The screening test used is called an oral glucose tolerance test . This usually takes about two hours.
It involves having a blood test taken in the morning when you’ve had nothing to eat or drink overnight . You’re then given a glucose drink.
After resting for two hours, another blood sample is taken to see how your body is dealing with the glucose.
The OGTT is usually done when you’re between 24 and 28 weeks pregnant. If you’ve had gestational diabetes before, you may be tested earlier in your pregnancy if you become pregnant again.
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How Gestational Diabetes Can Impact Your Baby
We don’t know what causes gestational diabetes, but we have some clues. The placenta supports the baby as it grows. Hormones from the placenta help the baby develop. But these hormones also block the action of the mother’s insulin in her body. This problem is called insulin resistance. Insulin resistance makes it hard for the mother’s body to use insulin. She may need up to three times as much insulin.
Gestational diabetes starts when your body is not able to make and use all the insulin it needs for pregnancy. Without enough insulin, glucose cannot leave the blood and be changed to energy. Glucose builds up in the blood to high levels, called hyperglycemia.
Studies Have Shown Up To One Third Of Pregnant Women In The Uae Are Diagnosed With Temporary Diabetes In Pregnancy
Around 32 weeks heralds the start of the toughest time for those with gestational diabetes. Getty
I arrived for the gestational diabetes test well prepped for the three-hour wait, having loaded my bag with carefully chosen reading material. I neednt have bothered. I had barely warmed the seat when I was told there was no need to continue. A doctor would be in touch, the lab technician said.
It didnt take long to work out what that meant. I had failed the glucose tolerance test at the first hurdle the fasting blood reading.
I called my husband and explained what had happened through the sobs. We arranged to meet at a cafe nearby, where I chose a fruit platter to eat but quickly realised I probably couldn’t eat this, either. It may be natural sugar, but it is still loaded with the stuff. Cue even more tears.
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Who’s At Risk Of Gestational Diabetes
Gestational diabetes can cause problems for you and your baby during and after birth. However, the risk can be reduced if it’s detected and well managed.
It occurs if your body cannot produce enough insulin a hormone that helps control blood sugar levels to meet the extra needs in pregnancy. Any woman can develop gestational diabetes during pregnancy.
However, you’re at an increased risk if:
- your body mass index is above 30 use the healthy weight calculator to work out your BMI
- you previously had a baby who weighed 4.5kg or more at birth
- you had gestational diabetes in a previous pregnancy
- one of your parents or siblings has diabetes
- your family origins are south Asian, Chinese, African-Caribbean or Middle Eastern
If any of these apply to you, you should be offered screening for gestational diabetes during your pregnancy.
What Is An Oral Glucose Tolerance Test
The OGTT is test used to diagnose gestational diabetes in the UK. This test may be performed at a GP surgery, or at a hospital clinic and takes place first thing in the morning.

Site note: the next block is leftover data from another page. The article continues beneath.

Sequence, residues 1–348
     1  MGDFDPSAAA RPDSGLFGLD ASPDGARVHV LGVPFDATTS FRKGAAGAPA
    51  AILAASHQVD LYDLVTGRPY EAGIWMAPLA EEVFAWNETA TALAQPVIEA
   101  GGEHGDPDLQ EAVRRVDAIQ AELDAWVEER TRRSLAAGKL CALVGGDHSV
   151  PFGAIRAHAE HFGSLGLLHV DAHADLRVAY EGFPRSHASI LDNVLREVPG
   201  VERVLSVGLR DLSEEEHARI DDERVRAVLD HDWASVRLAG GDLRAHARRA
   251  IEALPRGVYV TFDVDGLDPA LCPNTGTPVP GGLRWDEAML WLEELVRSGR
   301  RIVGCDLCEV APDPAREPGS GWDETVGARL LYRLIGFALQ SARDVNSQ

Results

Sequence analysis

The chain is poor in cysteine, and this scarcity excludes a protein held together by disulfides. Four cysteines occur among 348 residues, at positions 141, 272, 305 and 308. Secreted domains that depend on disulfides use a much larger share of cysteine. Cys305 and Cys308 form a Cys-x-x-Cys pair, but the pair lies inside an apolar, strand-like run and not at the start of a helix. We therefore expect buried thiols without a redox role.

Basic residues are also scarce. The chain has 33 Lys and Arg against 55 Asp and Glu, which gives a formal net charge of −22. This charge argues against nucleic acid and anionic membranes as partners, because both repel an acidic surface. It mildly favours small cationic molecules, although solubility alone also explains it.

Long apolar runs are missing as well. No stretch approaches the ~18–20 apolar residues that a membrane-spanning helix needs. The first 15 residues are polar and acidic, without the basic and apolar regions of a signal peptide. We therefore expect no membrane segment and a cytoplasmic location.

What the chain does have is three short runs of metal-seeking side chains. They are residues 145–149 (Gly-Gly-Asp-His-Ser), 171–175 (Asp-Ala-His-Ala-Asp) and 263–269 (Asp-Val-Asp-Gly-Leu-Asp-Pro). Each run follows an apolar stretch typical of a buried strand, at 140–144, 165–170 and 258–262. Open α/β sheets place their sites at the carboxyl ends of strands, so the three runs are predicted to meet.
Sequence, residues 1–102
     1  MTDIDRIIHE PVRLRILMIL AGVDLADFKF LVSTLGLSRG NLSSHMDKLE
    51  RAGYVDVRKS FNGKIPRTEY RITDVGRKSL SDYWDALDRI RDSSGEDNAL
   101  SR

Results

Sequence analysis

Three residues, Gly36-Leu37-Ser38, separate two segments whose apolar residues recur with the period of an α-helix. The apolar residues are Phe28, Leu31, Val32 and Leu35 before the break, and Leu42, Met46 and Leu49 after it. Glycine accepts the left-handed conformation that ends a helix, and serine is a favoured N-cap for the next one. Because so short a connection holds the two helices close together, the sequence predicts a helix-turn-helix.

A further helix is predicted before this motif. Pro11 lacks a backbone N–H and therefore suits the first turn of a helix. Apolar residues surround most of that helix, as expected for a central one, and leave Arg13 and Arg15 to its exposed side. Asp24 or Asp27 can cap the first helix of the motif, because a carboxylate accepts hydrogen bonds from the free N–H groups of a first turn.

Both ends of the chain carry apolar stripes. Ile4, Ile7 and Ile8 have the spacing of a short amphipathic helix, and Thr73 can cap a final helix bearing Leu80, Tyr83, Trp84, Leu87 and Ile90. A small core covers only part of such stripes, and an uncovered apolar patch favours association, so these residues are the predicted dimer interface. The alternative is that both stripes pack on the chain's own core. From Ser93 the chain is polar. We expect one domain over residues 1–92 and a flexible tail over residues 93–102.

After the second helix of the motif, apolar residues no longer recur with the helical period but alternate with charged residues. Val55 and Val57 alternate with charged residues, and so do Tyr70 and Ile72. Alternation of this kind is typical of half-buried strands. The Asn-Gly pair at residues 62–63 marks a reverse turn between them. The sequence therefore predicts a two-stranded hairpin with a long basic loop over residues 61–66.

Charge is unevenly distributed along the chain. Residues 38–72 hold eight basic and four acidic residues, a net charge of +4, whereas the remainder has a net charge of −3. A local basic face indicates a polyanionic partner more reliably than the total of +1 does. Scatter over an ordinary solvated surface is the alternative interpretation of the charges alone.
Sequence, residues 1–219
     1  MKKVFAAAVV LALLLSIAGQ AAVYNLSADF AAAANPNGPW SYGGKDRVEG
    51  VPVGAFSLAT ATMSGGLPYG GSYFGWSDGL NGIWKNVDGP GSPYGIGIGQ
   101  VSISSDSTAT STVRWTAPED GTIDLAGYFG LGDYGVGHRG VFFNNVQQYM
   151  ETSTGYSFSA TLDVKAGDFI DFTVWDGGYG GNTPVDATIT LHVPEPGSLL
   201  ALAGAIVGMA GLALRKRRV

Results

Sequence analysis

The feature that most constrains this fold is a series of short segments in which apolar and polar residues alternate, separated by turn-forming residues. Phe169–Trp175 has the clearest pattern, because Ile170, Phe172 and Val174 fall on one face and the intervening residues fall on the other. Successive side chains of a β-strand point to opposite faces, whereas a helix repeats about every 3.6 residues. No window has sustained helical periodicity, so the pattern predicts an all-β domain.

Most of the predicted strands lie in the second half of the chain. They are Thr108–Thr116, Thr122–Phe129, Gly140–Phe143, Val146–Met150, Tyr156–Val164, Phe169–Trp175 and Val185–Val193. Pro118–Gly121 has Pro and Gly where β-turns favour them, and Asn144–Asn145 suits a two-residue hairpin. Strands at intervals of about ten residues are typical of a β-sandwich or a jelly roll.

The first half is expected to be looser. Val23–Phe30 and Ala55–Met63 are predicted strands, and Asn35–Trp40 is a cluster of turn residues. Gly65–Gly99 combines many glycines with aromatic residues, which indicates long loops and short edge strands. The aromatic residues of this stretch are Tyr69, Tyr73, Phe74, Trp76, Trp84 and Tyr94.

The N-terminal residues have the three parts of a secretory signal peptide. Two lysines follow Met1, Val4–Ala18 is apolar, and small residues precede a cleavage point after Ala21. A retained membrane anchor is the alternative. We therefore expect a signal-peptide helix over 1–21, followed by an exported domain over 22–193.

The mother is asked to fast overnight , have a blood test upon arrival, drink a specific measured amount of sugary drink and a further blood test is taken after 2 hours .
GD UK TIP: OGTT take a long time and so it is best to take something to read and childcare if possible to avoid long boring waits at the clinic with young children. It is also worth packing a snack in your bag for after the test is complete.
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Why Is Gestational Diabetes Diagnosis Important
Having gestational diabetes means that a mothers blood sugar levels remain too high. This means that excess glucose is passed through to the growing baby and can lead to complications for both the baby and for the mother when giving birth.
Being diagnosed means that blood sugar levels can be monitored, lowered and reduce related risks
Complications caused by gestational diabetes are:
After The Baby Is Born
Once the baby is born, daily monitoring of the mothers blood sugar levels is no longer required and any medications for lowering blood sugar levels can be stopped.
In the majority of hospitals, additional to the routine newborn checks, babies born to diabetic mothers are usually monitored for hypoglycaemia . Each hospital is different as to how they monitor the blood sugar levels, but the procedure is the same.
A midwife or nurse will heel prick the baby to obtain enough blood to be tested on a blood glucose test monitor, the same as used to monitor our own blood sugar levels throughout pregnancy.
The number of tests taken can vary and the times taken, but your hospital will have a policy which they will follow.
If the babys blood sugar levels are too low, then top up feeds will be given to help raise levels. If this does not raise levels sufficiently then glucose solution or gel may be given, or if there is a greater concern, they may need to be given an intravenous fusion of glucose.
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What You Can Do To Prevent Gestational Diabetes
If your only risk factors for gestational diabetes are a family history of the disease and/or advanced maternal age, there may be nothing more you can do to prevent your chances of developing the condition.
But if you’re overweight, don’t eat a well-balanced diet or don’t routinely exercise, adopting a few healthy habits can make a big difference.
The following steps can have a big impact on reducing your risk of developing both gestational diabetes and type 2 diabetes, both before you conceive and during your pregnancy: